American Embassy as a symbol of the free world in reflections of Vaclav Havel’s Czech friends and colleagues. In August 2020, the VHLF filmed several short interviews with Vaclav Havel’s colleagues, friends, and fellow dissidents.
Michael Zantovsky describes the crucial role of the Vaclav Havel Library; Martin Palous talks about Vaclav Havel’s legacy as a continuing task and challenge to share experience from the totalitarian regime with young generations around the world. Helena Klimova, signatory of Charter 77, and wife of Czech writer Ivan Klima, speaks about the years of normalization alleviated by moral and spiritual support from U.S. writers and diplomats, Vaclav Havel’s humor, relations to his enemies, and his legacy of truth. The editor Jan Zelenka recollects the U.S. Embassy as a meeting place for dissidents and prominent American writers and emphasizes integrity and moral values as Vaclav Havel’s main inspiration for today.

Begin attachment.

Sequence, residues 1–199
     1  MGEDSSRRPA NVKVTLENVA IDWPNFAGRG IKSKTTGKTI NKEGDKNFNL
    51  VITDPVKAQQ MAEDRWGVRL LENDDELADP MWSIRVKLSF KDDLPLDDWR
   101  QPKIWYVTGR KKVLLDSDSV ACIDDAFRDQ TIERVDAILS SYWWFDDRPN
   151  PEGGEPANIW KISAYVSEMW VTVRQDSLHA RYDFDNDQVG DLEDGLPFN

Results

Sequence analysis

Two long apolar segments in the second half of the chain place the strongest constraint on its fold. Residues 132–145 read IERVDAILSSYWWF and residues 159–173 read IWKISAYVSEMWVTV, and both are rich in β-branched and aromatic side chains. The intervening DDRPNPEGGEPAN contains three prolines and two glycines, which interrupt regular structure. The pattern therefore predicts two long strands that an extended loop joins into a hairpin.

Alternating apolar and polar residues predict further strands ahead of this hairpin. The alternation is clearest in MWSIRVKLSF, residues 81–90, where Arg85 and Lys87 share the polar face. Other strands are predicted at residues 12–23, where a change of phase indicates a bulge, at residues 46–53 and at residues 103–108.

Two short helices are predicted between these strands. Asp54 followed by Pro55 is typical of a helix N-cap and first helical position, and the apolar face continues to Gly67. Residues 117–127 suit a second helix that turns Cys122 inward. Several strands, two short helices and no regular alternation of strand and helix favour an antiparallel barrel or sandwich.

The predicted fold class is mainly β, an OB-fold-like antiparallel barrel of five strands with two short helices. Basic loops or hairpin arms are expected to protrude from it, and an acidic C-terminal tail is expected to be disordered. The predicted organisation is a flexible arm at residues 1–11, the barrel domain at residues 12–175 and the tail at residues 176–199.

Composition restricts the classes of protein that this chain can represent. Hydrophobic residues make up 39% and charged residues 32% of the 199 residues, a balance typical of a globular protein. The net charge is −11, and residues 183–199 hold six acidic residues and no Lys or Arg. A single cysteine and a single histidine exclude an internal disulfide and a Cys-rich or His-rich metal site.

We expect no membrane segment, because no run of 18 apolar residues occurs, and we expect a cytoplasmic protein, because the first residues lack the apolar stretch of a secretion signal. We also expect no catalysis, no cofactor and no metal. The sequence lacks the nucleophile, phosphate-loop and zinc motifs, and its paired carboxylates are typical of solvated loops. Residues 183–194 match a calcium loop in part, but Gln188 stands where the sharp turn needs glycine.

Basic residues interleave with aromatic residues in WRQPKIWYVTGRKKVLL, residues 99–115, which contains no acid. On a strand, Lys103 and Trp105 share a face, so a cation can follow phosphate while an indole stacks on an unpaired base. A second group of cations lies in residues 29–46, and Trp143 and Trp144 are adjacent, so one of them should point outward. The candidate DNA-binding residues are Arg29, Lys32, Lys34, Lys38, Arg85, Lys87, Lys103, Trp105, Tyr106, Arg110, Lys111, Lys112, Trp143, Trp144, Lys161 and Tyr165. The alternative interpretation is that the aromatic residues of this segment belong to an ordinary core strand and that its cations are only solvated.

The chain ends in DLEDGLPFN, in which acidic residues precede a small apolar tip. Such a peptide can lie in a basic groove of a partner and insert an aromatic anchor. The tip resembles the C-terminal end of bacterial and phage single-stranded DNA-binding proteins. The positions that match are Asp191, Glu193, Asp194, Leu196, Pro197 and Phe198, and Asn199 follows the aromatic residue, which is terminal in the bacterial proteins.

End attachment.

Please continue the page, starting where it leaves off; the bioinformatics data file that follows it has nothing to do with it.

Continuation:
Petr Oslzly, rector of the Janacek Academy of Music and Performing Arts in Brno and former advisor to President Havel, focuses on the cultural diplomacy represented by Ambassador William Luers and Wendy Luers that encouraged cultural dissent and gave cultural opposition the strength to fight non-violently against totalitarianism. The visual artist Frantisek Skala speaks about the Jindrich Chalupecky Award founded in 1990 by Vaclav Havel, Jiri Kolar, Theodor Pistek, and Wendy Luers to assist young artists to join the international scene.